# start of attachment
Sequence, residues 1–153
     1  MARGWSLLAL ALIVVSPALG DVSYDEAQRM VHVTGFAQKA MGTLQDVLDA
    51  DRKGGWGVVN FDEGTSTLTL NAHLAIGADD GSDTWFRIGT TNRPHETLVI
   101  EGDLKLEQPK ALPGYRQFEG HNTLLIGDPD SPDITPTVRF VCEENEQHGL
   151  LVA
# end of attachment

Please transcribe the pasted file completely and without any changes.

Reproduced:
Sequence, residues 1–153
     1  MARGWSLLAL ALIVVSPALG DVSYDEAQRM VHVTGFAQKA MGTLQDVLDA
    51  DRKGGWGVVN FDEGTSTLTL NAHLAIGADD GSDTWFRIGT TNRPHETLVI
   101  EGDLKLEQPK ALPGYRQFEG HNTLLIGDPD SPDITPTVRF VCEENEQHGL
   151  LVA